A brilliant career

Posted in: Bloggery

Every now and then you see someone who appears to have glided inexorably upwards, in one or more organisations, to an influential, admired and well remunerated role.  The individual rests comfortably on their accomplishments, seems poised and displays personal mastery. You say to yourself “I wish I could do that. Reach the top and operate the way that person does, in five or ten years’ time” – or words to that effect!

So how do you achieve such a terrific state of affairs?

How do you also avoid the alternative picture? A person seemingly stressed, hardened and embittered – even when senior in the scheme of things. Or a person particularly crushed when the event of an involuntary career change is forced upon them, as sometimes happens.

In Macfarlan Lane I think most of my colleagues share my view that it is any longer possible to plan a full career – a roll out of steps and experiences over a working life time.  There is simply too much change happening all around us. So many emerging new areas of work.  Careers seem more a combination of luck and opportunities seized. The fortunate and not so fortunate array of bosses and colleagues we have been surrounded with in different times and places.

In the face of such apparent uncertainty, we do think though that it is reasonable to have long term broad aspirations and short-term plans.  We also believe that there are an array of practices and competencies which also add together to provide a measure of self-control over careers.

If you are to stand a good chance of being that person we started off by describing, what are some of the main things you need to do?  Here are some things to think about.

  • Know yourself. The combination of a career built on valued achievements rests on you being comfortable in your own skin.  By this I mean knowing what you are good at and what you are not good at – and designing career moves which play to your strengths.  Good and sustainable careers are built on self-insight. Take on board all the feedback and any psychological profiling you are offered. Listen to what others say about you.  Don’t try to panel beat yourself into roles for which your personality is unsuited.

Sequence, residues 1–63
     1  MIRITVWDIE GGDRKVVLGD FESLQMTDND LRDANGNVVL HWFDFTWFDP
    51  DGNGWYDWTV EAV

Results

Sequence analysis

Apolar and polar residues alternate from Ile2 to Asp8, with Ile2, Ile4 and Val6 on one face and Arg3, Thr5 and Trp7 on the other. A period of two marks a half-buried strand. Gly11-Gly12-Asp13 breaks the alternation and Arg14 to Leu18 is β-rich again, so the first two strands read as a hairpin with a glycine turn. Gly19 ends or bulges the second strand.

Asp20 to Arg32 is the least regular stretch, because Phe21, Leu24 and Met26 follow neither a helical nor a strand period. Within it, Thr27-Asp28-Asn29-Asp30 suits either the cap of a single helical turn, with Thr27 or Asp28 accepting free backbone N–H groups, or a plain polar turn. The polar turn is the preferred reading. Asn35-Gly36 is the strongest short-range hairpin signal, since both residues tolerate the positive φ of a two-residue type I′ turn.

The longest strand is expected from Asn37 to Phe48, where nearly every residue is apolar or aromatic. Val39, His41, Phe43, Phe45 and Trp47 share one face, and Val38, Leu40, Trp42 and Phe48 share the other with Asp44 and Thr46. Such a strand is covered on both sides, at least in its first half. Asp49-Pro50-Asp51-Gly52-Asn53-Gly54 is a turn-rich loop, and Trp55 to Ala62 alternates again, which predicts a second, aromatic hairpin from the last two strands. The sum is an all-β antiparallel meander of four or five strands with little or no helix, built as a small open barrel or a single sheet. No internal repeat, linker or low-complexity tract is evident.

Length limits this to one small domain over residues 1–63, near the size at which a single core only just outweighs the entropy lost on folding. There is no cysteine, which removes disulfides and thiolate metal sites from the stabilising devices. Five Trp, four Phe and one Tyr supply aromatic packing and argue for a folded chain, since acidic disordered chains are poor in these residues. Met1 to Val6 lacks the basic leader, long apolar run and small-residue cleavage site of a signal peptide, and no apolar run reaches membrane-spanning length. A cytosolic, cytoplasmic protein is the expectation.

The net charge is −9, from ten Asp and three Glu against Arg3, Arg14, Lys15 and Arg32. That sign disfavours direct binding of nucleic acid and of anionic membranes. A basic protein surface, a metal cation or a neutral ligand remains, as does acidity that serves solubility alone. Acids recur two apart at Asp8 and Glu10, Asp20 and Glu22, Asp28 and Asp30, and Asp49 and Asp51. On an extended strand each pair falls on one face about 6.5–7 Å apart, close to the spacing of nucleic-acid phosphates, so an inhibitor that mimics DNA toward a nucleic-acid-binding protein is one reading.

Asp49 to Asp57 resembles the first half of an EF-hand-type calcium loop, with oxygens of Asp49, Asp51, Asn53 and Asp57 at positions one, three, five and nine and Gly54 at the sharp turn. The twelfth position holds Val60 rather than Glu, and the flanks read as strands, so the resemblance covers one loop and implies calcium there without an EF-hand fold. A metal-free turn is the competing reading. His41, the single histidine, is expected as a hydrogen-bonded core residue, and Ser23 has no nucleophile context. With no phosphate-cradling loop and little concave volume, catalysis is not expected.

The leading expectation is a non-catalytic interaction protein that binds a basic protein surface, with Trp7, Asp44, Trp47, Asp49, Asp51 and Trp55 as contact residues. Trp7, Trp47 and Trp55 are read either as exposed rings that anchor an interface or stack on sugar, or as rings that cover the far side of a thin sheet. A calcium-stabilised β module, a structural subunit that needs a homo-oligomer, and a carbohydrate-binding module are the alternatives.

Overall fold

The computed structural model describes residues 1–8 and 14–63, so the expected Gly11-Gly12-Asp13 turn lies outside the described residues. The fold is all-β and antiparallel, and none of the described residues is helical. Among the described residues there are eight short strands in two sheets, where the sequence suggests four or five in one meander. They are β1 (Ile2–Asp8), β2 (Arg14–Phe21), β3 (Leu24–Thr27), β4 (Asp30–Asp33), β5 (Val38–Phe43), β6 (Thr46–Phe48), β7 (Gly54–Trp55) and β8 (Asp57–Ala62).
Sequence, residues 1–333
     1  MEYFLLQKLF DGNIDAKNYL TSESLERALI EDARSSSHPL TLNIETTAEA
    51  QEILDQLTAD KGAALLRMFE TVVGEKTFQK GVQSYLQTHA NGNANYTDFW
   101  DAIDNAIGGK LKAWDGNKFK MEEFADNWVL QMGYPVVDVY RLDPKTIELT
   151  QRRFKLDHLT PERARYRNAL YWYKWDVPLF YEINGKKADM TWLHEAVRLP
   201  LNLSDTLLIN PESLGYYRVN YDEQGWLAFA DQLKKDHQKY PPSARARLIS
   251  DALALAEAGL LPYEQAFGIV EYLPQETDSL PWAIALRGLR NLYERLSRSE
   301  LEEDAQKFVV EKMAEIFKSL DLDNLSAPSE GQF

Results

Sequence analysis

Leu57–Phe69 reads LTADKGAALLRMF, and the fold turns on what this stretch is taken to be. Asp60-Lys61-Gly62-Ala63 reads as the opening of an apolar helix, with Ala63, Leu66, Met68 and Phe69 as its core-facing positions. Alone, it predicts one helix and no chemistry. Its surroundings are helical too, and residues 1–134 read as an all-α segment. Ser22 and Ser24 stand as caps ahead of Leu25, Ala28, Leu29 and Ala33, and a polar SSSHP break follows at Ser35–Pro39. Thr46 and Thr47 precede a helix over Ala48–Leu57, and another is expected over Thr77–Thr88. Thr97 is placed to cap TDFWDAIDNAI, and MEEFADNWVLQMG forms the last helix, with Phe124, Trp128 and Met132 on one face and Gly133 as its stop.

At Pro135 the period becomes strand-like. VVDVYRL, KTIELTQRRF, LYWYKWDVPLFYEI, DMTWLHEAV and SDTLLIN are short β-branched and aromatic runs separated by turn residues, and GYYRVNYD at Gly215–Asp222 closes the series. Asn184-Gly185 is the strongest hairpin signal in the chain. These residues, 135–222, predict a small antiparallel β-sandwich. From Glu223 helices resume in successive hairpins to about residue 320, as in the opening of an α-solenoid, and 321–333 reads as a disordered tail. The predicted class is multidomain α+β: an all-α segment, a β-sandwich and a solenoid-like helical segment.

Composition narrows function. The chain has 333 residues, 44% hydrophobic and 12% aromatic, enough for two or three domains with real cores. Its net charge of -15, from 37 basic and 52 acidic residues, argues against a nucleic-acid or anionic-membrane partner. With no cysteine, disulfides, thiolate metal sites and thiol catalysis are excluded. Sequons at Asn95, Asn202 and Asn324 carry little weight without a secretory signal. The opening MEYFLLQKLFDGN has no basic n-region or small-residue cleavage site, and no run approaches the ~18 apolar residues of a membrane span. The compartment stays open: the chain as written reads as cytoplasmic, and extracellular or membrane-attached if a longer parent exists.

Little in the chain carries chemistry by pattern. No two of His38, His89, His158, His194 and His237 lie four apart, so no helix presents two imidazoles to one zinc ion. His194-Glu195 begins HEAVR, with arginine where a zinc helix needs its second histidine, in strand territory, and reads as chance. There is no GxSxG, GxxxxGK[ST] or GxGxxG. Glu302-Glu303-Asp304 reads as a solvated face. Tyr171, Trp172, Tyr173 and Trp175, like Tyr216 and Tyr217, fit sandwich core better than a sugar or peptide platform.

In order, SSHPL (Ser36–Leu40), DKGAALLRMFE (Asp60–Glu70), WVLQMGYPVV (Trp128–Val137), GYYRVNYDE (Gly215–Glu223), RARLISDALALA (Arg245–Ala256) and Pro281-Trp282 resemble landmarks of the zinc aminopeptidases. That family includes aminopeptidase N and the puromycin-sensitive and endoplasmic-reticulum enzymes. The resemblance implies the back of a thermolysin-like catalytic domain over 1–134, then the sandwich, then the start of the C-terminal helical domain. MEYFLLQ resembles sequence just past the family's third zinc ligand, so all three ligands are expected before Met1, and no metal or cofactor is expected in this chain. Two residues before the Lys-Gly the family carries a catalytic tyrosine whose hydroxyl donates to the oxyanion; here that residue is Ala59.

• Perform. Advancement does ultimately rest on performance – and not, as many assert, on “being good at politics”.  So work out how success will be measured (sometimes this is not as evident as it should be) and make sure to deliver or exceed on expectations.
  • Relate well to others. In progressively more senior roles, broad competencies, especially in the area of emotional intelligence, become critical.  Learn about competencies, read about emotional intelligence, and adopt the practices and habits of those who exemplify the competencies needed.
  • Get out. Strong careers rest on both internal and external networks: people who advise, provide intelligence, introduce you to others and who in turn you do these things for.  Learning how to relate effectively with wider and wider groups of individuals is a significant attribute underpinning the success of most senior people.
  • Broaden your horizons. Adopt the discipline of gathering intelligence within and beyond your organisation. Read and reflect as much as you can. Pick fields which are perhaps different as well as closely linked with your profession.  If you are in HR, then read about strategy, business formation, marketing and finance – because progression up most career ladders will lead you into closer and closer contact with people in different fields.
  • Know your markets. Employment requires clear “markets” and needed solutions. Work needs to meet a need. These needs change, with economic and technological shifts.  Look to what knowledge and skills will be needed in the emerging markets of the future. Fashion experience such as to be able to capture work in the markets of the future.

A brilliant career supports much more than job performance.  It supports personal growth, your evolving family needs, a level of recognition, and perhaps a level of mastery over your circumstances and those of others.  It can satisfy a need most of us have to win and overcome challenges. Ideally it will give meaning and purpose to our lives.

So perhaps take a little time to reflect on each of the building blocks summarized above. Then ask yourself: what does “success” mean to me?